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Making the case for real PR value

Earlier this year, one of many PR related reports the social landscape is rife with was published: Global Communications Report. What I found particularly interesting was the fact that those organisations surveyed found talent being The PR Industry’s Critical Challenge.

I would argue that the PR industry’s fundamental problem is not talent retention and recruitment but the employers’ unwillingness to shift their focus from short term deliverables to strategic ones. Talent, not just in PR but in any other industry, takes time to develop and innate or acquired skills need to be appropriately honed.

Surprising, to me at least, is this constant discussion about social media platforms – old and new – and how ‘digital skills’ need to be either this or that. ‘Digital’ is not a skill – the skill doesn’t lie in one’s ability to post content online, measure its impact and be able to report back on it. In my letter to 2016 BledComm, I have stated that:

“Learning about media relations, video production and social media engagement platforms – while very useful – can hardly be expected to represent the principle pillars of practitioner knowledge.”

PR seems to be very quickly leaning towards the wrong side of the learning spectrum. We are less and less talking about the competitive edge we can provide our Clients with; about the input we can have on their business development strategies and market positioning; about the USPs we have identified which could help them stand out from their competitors; about the necessity of understanding their customers/service users/suppliers/regulators.

Instead, we seem to be talking about Facebook and its new video feeds, about Snapchat and its advertising value corroborated with reaching out a demographic group of the society, about Instagram and brand recognition. Really? How about we spoke about these as mere channels of reaction and interaction that support the Client reaching their business objectives of A, B, C?

If we continue to focus on tactics and outputs as opposed to strategy and outcomes, PR not only will find it harder and harder to find a well-deserved seat for itself at the Boardroom table – it will also find it harder to argue the case of its practitioners’ understanding, knowledge of and direct input into the business’ growth and strategy.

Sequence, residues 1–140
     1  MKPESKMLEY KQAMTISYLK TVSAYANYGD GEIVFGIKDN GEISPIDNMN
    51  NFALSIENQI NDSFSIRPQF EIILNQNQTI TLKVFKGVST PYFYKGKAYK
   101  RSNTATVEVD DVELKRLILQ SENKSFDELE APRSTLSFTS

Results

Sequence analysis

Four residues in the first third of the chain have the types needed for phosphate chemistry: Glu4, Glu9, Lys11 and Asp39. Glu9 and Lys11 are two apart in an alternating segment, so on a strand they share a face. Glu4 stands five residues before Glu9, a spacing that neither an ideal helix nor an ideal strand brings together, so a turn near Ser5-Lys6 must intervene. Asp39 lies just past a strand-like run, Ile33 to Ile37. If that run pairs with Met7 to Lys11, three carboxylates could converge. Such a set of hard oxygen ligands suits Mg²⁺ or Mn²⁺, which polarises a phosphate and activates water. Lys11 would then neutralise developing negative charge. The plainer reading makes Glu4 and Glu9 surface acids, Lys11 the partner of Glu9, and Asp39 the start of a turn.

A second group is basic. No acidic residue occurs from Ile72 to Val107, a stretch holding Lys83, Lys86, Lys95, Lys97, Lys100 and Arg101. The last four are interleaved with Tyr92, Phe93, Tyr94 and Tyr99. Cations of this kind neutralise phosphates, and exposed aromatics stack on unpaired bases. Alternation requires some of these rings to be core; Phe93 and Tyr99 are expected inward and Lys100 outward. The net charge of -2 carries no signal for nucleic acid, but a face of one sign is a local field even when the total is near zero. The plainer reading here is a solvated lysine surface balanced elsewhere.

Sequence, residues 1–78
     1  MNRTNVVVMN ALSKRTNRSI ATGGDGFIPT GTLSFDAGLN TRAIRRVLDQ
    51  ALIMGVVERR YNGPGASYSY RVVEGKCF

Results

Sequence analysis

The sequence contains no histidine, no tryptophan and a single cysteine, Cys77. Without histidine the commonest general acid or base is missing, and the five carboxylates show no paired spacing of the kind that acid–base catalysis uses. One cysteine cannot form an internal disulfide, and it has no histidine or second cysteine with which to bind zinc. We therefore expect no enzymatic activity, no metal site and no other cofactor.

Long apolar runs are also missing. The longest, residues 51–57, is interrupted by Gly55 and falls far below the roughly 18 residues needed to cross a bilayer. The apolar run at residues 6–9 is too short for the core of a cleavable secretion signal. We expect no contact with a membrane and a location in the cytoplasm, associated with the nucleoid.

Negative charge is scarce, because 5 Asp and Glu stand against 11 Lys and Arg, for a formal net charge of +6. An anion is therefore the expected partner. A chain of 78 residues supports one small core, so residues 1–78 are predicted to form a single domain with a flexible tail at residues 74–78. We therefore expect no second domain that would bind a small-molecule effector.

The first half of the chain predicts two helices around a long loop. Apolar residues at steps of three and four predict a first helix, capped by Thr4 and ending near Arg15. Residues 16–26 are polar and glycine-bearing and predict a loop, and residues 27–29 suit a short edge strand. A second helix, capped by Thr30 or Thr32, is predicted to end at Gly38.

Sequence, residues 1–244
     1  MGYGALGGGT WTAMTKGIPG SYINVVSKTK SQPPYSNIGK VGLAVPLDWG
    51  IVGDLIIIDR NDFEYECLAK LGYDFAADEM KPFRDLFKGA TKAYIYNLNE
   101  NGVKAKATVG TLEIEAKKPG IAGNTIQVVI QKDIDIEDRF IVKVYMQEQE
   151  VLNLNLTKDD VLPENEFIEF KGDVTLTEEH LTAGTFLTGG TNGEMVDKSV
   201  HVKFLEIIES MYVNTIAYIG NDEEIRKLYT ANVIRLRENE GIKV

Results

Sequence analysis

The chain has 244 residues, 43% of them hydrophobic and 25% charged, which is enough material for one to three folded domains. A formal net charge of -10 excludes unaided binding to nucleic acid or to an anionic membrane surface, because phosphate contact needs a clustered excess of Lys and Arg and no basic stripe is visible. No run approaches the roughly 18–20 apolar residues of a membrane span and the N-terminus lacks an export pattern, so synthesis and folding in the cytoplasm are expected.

After all, when we talk about listed companies and multinationals, why would any C-suite executive be ready to listen to our advice when all we seem to be knowledgeable of or interested in is ‘digital skills’? We often argue that perception is reality – I’m afraid that, in PR industry’s case, it is starting to look like it.

Image courtesy of pixabay

Comments
  1. You couldn’t be more right, Jason. Fully and totally agree with you.
    If we want anything to change, we need to speak up and make the case for PR a strategic discipline.

  2. Unfortunately this is true.

    When I started my career training included how to craft a great press release, how to run a press conference, interview techniques and the deadlines of the various newspapers. It was great for a junior member of staff. However, what became clear was that it was very tactical.

    Today we have simply replaced all of that with top tips to help with your SEO, the secrets of that new algorithm (to be replaced in six months time) and five new social media networks that you need to know about just in case they make it past 100 users. Still very tactical, still more like a craft than a profession or a strategic discipline.

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